Facility losses shock Morinville council


Centre loses $17,000 on two shows

Town council vowed to rein in goings-on at the Community Cultural Centre last week after learning that its last two shows had cost taxpayers some $17,000.

Council got its first detailed look last week at the costs of the last two shows held at the cultural centre.

Councillors have had many questions about the costs of running the centre since it opened in 2011.

The report suggested that the last two events – three shows by MĂ©tis fiddler Calvin Vollrath and a performance by La Folia Ensemble – cost the town a net $16,415.38.

Ticket and bar sales fell far short of the costs of putting on both shows, the report suggests. It cost the town about $30,098 to host Vollrath, for example, whose show brought in just $16,309 in sales. La Folia Ensemble cost about $2,770 in fees and services and generated a mere $144 in sales.

Coun. Stephen Dafoe, who has criticized the town’s expenditures on shows at the cultural centre in the past, said he was “gobsmacked” by these losses.

“That’s almost $17,000 that we’ve frittered away over two weekends and four performances,” he said in an interview – equivalent to about half the cash the Morinville Public Elementary School’s parent fundraising group hoped the town would give them to build a new playground.

“It’s taxpayers’ money going out the window here.”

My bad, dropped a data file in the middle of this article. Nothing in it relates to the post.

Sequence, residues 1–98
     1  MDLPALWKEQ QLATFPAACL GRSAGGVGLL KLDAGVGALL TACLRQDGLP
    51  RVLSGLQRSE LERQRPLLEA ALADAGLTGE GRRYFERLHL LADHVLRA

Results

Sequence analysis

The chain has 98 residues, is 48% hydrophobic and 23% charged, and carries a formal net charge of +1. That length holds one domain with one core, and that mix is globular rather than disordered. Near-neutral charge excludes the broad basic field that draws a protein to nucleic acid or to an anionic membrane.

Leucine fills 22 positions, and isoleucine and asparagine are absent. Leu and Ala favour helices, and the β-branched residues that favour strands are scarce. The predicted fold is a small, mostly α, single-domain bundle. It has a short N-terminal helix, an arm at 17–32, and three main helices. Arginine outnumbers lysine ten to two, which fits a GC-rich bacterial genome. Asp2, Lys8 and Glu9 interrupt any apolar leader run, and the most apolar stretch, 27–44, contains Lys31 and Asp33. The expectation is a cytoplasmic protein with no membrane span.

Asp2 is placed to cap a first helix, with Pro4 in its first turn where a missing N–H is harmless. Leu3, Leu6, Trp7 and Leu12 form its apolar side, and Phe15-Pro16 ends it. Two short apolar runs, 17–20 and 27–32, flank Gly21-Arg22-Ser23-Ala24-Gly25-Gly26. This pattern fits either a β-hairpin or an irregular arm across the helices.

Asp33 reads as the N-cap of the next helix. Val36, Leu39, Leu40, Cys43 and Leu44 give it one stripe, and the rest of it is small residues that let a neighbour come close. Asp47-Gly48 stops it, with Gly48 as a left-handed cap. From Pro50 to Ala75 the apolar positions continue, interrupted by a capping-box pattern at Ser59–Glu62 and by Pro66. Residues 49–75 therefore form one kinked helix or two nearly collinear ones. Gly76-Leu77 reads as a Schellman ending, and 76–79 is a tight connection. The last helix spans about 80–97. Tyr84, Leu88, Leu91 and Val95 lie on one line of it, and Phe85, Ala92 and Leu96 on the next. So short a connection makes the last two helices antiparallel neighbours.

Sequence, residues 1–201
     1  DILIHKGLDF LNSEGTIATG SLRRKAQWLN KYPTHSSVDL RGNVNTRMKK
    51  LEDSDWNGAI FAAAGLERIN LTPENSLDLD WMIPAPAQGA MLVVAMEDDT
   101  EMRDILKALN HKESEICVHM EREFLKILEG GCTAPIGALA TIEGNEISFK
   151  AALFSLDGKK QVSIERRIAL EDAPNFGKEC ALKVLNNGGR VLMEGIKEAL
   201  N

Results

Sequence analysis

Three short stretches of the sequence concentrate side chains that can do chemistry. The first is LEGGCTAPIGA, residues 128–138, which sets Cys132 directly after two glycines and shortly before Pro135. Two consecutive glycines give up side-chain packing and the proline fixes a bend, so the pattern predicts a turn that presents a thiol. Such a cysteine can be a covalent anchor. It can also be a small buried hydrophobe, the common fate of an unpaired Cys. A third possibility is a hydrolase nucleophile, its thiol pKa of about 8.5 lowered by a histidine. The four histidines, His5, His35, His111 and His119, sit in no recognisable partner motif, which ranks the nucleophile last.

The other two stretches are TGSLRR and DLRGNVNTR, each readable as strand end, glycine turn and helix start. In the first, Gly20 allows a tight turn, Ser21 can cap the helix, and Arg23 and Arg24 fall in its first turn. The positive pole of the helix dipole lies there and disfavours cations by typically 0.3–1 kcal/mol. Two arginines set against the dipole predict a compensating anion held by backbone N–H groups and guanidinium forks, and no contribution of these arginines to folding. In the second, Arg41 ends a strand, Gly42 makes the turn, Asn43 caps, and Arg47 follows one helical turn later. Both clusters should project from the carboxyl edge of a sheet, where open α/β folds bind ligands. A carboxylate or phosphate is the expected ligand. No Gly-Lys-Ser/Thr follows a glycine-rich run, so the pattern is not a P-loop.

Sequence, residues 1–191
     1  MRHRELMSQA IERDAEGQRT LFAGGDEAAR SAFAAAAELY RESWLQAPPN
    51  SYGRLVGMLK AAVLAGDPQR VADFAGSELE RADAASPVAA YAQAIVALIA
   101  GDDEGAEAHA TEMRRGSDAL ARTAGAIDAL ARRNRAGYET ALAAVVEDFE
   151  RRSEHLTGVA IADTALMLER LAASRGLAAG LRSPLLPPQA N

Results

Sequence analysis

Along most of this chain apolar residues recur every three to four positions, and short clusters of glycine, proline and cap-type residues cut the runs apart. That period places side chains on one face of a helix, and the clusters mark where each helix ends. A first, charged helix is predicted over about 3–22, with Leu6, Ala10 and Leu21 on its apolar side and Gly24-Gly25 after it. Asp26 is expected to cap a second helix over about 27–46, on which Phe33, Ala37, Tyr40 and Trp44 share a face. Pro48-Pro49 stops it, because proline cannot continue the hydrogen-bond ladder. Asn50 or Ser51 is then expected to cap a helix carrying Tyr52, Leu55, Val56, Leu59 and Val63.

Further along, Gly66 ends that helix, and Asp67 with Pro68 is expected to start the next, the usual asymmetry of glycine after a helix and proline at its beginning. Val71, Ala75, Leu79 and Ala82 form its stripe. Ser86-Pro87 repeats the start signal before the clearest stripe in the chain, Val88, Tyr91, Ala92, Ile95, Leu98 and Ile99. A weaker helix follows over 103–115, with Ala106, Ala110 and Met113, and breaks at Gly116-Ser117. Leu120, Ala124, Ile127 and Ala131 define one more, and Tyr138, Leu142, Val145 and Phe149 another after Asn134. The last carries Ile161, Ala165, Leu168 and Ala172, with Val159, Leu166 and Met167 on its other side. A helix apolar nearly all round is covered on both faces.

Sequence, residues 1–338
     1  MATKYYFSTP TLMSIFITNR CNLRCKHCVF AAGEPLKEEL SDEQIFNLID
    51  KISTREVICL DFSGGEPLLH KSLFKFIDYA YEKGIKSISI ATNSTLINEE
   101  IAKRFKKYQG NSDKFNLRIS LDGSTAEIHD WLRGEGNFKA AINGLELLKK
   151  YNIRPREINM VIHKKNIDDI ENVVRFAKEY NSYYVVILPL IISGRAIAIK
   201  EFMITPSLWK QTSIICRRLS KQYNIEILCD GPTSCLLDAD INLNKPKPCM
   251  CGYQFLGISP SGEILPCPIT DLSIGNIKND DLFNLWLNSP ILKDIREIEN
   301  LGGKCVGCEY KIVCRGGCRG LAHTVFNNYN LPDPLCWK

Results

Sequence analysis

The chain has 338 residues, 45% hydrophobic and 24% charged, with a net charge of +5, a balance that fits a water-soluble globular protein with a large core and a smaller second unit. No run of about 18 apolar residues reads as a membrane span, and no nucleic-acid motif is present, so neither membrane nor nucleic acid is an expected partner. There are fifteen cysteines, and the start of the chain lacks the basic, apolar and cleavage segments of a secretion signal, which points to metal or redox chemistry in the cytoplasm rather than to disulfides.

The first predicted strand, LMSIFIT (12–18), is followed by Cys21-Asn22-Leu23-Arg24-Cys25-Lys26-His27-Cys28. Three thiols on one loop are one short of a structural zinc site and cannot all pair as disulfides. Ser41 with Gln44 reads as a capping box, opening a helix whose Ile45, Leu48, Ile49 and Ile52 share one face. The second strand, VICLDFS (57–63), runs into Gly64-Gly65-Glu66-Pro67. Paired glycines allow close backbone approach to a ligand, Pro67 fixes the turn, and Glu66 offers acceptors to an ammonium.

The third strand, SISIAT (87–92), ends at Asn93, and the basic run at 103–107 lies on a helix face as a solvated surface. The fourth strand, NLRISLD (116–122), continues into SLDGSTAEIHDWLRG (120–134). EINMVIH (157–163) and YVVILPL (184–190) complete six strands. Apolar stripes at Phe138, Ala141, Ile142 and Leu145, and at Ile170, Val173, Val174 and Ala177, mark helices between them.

Coun. Gordon Putnam agreed that these losses could not continue, but warned against cancelling events simply because they didn’t make money.

“Some of what is arts and culture in our community, you can’t put a dollar value on that.”

Some events at the centre create lifelong experiences for children and are worth doing even if they lose money, Dafoe agreed.

“I don’t see a value in losing 17 grand over two weekends.”

The “root of all evil” here is the fact that the town lacks a cultural plan that would define how it wants to use the centre, Coun. Nicole Boutestein said in an interview.

“How can we critique the shows, the performances, any of the events we’re having if we don’t have a plan of what we want?”

When asked why council had yet make this plan (given that the centre has been open since 2011), Boutestein said that council had gotten too wrapped up in the dollars and cents of the centre and forgotten the centre’s intent, i.e. promoting culture. It’s also only with the recent hiring of the centre’s new business and operations manager that council has been able to get these detailed costs.

It’s not council’s job to decide what shows should run in the centre, Mayor Lisa Holmes said in council. Rather, it’s up to council to decide what losses on those shows are acceptable.

“No one anticipated this would happen,” she added.

Council supported a pair of motions from Dafoe on the issue.

The first called on council to hold a workshop this September to determine the level of cost recovery it expects to get from children, family and adult shows at the centre.

“We cannot have these losses,” he said, and this step would stop the “haemorrhaging” of money now happening with some shows at the centre.

The second asked administration to bring back options on how to reduce the number of performances scheduled at the centre this year. About 11 adult and children’s performances were planned for the 2014-2015 season, a report to council suggests.

Boutestein also won support for her call for administration to bring a draft cultural plan to council by the end of the year.


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Kevin Ma

Kevin Ma joined the St. Albert Gazette in 2006. He writes about Sturgeon County, education, the environment, agriculture, science and aboriginal affairs. He also contributes features, photographs and video.